Horner Syndrome

D. Brady Pregerson, MD


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This 6-year-old boy was born with a closed right eye that opened halfway by 5 months of age. His parents noticed that he had decreased sweating over the right side of his face and forehead above the hairline. He also had pupil asymmetry, with miosis of the right eye. At age 14 months, the ptosis had almost completely resolved, but the child was noted to have heterochromia of the irises (the right iris being much lighter). He was referred to a pediatric ophthalmologist who diagnosed idiopathic congenital right-sided Horner syndrome.

Horner syndrome is characterized by enophthalmos, narrowing of the palpebral fissure, anisocoria, and constriction of the pupil and by certain anomalies in vasomotor and sudorific activity of the neck and face. When Horner syndrome presents in the first year of life, it is usually benign. As in this case, no cause is generally identified. The most common causes include birth trauma and neuroblastoma. Other causes include congenital varicella, ganglioneuroma or neurilemmoma, and vascular lesions of the internal carotid or subclavian artery.

Although numerous researchers, including Bernard, contributed to our understanding of this rare nerve disorder, Horner provided the first scientifically supported explanation for the syndrome.1 A deficiency of sympathetic activity caused by a lesion anywhere along the oculosympathetic pathway from the hypothalamus to the orbit is responsible for the disorder. Horner syndrome is often associated with heterochromia iridis, which results from a unilateral lack of sympathetic stimulation; this interferes with melanin pigmentation of the melanocytes in the iris through disruptions in the pathways of tyrosinase induction.2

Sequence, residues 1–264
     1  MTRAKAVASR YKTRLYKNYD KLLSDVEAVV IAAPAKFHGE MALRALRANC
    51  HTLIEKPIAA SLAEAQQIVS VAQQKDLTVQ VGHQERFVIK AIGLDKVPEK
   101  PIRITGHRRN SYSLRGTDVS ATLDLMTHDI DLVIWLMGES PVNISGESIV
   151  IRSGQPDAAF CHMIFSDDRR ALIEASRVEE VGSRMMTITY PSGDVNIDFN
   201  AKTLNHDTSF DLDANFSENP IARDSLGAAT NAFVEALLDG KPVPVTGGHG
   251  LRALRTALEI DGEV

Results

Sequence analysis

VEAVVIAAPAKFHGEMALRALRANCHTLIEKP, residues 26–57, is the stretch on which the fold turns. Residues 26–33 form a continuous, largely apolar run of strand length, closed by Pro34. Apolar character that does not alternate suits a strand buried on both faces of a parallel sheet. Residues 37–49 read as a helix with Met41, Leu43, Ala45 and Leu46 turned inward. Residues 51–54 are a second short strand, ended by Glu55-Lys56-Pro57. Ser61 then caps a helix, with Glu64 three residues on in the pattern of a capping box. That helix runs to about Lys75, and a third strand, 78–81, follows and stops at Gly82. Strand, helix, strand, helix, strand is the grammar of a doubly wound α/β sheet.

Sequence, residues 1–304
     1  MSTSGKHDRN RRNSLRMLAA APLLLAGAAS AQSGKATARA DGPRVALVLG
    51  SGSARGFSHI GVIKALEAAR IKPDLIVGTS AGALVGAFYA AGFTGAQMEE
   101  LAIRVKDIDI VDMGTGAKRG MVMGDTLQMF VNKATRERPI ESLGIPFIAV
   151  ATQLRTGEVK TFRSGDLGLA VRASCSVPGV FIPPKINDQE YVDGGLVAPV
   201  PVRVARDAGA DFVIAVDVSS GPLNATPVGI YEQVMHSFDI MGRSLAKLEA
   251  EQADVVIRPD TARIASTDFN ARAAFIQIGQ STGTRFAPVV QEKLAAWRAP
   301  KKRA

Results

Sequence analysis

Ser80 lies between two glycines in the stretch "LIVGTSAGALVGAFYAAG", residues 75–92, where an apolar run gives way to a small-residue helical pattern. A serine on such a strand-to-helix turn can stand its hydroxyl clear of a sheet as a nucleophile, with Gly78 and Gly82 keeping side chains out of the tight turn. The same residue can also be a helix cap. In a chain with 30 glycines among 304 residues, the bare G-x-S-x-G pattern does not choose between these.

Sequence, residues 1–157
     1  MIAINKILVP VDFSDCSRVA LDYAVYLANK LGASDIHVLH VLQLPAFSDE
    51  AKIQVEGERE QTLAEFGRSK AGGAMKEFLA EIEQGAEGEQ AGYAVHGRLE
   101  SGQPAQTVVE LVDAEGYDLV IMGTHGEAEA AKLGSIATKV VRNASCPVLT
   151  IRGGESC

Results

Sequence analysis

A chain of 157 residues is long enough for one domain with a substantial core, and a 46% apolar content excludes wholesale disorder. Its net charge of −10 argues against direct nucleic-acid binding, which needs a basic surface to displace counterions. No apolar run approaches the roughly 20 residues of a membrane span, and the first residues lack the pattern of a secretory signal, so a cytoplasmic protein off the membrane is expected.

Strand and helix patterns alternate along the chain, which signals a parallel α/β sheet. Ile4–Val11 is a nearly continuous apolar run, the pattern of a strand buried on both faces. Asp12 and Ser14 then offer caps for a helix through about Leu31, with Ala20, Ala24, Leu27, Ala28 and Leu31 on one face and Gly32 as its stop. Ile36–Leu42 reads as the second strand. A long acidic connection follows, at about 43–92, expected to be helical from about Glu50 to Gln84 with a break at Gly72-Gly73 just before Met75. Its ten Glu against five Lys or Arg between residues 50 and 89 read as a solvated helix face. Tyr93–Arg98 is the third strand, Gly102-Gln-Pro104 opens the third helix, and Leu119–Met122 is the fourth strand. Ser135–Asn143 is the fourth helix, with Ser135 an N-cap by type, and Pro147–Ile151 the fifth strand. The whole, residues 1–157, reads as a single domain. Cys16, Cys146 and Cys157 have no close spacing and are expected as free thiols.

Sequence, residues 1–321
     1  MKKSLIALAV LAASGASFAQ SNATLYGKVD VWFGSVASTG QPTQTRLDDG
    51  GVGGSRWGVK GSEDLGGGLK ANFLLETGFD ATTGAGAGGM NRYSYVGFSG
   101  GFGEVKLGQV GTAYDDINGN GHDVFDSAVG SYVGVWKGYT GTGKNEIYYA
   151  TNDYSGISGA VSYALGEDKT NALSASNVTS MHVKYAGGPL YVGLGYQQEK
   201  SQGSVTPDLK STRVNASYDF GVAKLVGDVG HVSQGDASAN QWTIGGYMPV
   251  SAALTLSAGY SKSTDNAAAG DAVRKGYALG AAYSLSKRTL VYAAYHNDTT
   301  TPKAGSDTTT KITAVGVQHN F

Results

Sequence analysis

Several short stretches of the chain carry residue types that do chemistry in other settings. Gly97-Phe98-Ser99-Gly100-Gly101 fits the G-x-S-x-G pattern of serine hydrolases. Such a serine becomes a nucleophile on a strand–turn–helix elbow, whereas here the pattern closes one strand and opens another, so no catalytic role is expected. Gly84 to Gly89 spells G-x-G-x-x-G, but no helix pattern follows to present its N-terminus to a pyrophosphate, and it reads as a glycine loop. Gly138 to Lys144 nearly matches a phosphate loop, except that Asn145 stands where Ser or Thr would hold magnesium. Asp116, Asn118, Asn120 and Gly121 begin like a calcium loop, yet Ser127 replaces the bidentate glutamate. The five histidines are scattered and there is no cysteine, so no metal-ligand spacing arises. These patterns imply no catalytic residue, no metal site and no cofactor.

How aggressive the workup should be to investigate for a cause is a topic of much debate. In one study, no cause was identified in 16 (70%) of 23 patients who presented with Horner syndrome in the first year of life; however, the authors recommend that these infants be examined for cervical and abdominal masses and for cranial nerve pathology.3 Measurement of the urinary vanillylmandelic acid level and ongoing follow-up should identify any cases associated with neuroblastoma, without the need for MRI or CT scanning of the neck or chest.

For this child, neurosurgery consultation and MRI of the chest and neck to rule out tumors was provided at the time of diagnosis, and he was scheduled to follow-up with the pediatric ophthalmologist. The child has remained healthy otherwise.  ■


1. Chaves C, Estol C, Esnaola MM, et al. Spontaneousintracranial internal carotid artery dissection:report of 10 patients. Arch Neurol. 2002;59:977-981.